Songs from the Plays

$ 40.00

for High Voice and Piano

Approximate Duration: 30'


In Songs From the Plays, New York poet Kenneth Koch creates charming, witty, and moving songs excerpted from imaginary plays. It is as if we have found the most exquisite cornice of a vanished cathedral, and its beautiful craftsmanship soon makes us forget from where it came.

This cycle uses seven of Koch’s twenty-seven poems, arranging them around three important aspects of life as presented in the final song: love, friendship, and art. Though this song comes last, fragments of it appear between some of the songs to guide us through their thematic groupings.

“Bring Back the Beds” is a fanfare with a love song, in which the poet reminisces about those wonderful little details cherished by lovers — beds, linen, flowers, hotels. The final line confirms the touch of bittersweet nostalgia hanging over the poem, suggested by the searching chord progressions. In “They Say Prince Hamlet’s Found a Southern Island” — a lopsided barcarole with balmy, rolled chords — two Shakespearean characters are given much nicer fates than they get onstage. Hamlet sunbathes with a lover, and King Lear teaches at an august university. But the voice of Reason enters in the last stanza to prod them back into action, and the balmy chords turn into Baroque opera flourishes.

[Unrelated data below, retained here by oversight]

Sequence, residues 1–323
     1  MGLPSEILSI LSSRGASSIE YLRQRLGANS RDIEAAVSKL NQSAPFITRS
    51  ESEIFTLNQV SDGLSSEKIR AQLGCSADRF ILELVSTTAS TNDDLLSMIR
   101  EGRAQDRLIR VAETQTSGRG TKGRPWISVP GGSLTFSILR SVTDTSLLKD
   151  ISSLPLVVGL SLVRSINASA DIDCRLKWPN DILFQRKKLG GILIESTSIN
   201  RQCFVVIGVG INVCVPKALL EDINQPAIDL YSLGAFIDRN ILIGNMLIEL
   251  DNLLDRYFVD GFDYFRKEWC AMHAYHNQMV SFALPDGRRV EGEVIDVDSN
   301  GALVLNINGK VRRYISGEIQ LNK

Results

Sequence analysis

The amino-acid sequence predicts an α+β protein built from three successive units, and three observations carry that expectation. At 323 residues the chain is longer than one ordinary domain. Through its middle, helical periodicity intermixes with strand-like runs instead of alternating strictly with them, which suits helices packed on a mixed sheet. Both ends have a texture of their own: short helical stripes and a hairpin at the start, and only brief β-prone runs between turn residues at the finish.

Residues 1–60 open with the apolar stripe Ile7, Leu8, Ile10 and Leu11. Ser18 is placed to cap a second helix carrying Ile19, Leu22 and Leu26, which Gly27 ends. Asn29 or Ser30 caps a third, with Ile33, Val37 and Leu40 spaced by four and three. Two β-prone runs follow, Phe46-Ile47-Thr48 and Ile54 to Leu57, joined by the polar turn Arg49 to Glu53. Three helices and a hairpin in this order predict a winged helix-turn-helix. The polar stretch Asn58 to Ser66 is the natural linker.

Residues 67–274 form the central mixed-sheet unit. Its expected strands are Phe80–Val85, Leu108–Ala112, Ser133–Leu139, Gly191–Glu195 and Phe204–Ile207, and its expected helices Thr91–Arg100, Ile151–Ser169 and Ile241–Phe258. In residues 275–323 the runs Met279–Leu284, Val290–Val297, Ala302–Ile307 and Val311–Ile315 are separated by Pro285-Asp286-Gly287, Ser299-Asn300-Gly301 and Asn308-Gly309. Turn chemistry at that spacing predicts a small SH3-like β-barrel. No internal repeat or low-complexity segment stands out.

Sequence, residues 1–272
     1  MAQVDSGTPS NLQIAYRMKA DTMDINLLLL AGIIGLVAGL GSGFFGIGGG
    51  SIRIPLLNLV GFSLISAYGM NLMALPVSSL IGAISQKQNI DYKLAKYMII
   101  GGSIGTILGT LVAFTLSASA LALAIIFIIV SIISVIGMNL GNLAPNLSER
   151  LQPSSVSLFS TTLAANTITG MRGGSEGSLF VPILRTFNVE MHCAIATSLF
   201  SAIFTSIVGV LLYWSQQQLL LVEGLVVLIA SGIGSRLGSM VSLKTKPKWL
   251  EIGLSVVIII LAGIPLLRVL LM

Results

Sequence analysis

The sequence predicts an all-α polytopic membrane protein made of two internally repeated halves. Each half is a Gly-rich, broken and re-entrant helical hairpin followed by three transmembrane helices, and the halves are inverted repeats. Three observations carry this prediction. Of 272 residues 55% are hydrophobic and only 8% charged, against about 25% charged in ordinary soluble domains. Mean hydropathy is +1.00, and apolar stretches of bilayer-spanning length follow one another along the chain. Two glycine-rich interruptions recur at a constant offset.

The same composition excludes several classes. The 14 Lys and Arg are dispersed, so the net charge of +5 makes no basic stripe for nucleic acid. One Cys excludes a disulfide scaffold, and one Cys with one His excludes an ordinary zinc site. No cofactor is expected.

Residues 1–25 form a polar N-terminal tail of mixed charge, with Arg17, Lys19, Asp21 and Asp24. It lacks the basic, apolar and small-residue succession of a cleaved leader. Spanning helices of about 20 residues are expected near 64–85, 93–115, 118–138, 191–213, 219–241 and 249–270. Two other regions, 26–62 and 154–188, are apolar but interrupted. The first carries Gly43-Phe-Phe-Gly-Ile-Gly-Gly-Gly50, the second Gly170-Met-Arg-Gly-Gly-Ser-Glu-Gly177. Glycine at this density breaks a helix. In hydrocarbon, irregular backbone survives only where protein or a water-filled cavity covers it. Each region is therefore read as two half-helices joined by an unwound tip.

With “This Dancing Man Was Once the Pope,” the cycle moves from the theme of love to that of friendship and socializing. This imagined dance between the Pope and the President of Israel features a melange of Christian music in the Pope’s song; a klezmer-infused trio in Golda’s lament; and a rather ungraceful combination of the two in the reprise of the Pope’s song.

“Your Genius Made Me Shiver” turns the cycle to the subject of artistic friendship and rivalry. The poet’s obsession with greatness is mirrored in the steadfast repetitions of notes and chords that begin and end the song. In the middle, these repetitions morph briefly into a gentle Lieder accompaniment. Picking up on the theme of art, “What Makes This Statue Noble Seeming” plays on the dramatic possibilities of various recitative. The poet begins with an unemotional evaluation of the artistic qualities of a statue of a naked woman, but is so overwhelmed by desire that the song ends, where the cycle began, with love.

As a coda, “You Want a Social Life, With Friends” — the song we have heard in fragments — is finally presented whole. It meditates on the elusiveness of the three valued aspects of life: love, friendship, and art. A brief piano postlude brings the cycle to a close.